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Chapter 11. Databases > What Is a Database Program?

What Is a Database Program?

Generically speaking, a database organizes information by dividing it up into small, discrete pieces called fields. An address book might consist of name, address, and phone-number fields; a checkbook might include check number, payee, description, and amount fields. A computer can use these fields to sift quickly through huge amounts of data—to help you find a particular name or check number or to arrange a client list by ZIP code, for example.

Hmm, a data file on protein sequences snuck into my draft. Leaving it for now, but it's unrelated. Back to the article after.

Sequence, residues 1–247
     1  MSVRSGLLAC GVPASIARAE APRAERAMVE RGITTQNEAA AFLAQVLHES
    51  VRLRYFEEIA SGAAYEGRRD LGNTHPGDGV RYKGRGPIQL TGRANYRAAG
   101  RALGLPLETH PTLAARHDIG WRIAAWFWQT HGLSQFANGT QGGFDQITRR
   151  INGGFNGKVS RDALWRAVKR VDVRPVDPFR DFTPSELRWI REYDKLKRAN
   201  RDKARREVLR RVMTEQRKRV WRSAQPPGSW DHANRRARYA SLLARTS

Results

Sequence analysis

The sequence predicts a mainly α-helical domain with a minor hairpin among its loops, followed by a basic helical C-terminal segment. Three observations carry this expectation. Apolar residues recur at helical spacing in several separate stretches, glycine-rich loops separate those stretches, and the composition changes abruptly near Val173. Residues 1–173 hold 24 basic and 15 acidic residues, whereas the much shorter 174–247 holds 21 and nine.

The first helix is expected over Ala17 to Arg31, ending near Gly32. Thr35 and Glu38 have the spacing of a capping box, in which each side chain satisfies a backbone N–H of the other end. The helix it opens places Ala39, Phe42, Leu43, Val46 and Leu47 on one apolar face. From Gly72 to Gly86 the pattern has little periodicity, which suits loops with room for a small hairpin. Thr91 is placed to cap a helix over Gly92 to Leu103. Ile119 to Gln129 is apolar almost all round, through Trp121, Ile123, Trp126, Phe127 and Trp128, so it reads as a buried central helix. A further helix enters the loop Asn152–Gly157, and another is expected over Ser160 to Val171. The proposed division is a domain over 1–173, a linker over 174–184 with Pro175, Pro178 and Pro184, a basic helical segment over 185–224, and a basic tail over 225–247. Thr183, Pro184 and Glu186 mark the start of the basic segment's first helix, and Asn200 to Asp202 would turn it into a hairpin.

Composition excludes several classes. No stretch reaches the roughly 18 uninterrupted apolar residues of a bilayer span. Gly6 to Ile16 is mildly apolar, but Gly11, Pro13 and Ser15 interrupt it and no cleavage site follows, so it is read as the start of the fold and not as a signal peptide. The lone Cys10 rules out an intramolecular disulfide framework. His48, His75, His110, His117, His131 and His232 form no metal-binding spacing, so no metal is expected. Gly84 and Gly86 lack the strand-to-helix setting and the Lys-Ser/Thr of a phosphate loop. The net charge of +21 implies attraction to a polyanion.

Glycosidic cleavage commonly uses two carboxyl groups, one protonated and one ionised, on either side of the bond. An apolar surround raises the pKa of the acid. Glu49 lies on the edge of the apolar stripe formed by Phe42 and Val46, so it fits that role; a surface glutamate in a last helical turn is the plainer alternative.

A database arranges fields into records. A record consists of the complete collection of fields for one person, item, or entity in the database. For example, in an address-book database, each person or company has a separate record. Thus, when you want to enter address information for Sarah Johnson, you create a new record for her and fill in the name, address, and phone-number fields with her information. Later, if you need to know Sarah's phone number or mailing address, you simply search for and display her record. All of Sarah's address data is collected in one place—her record.


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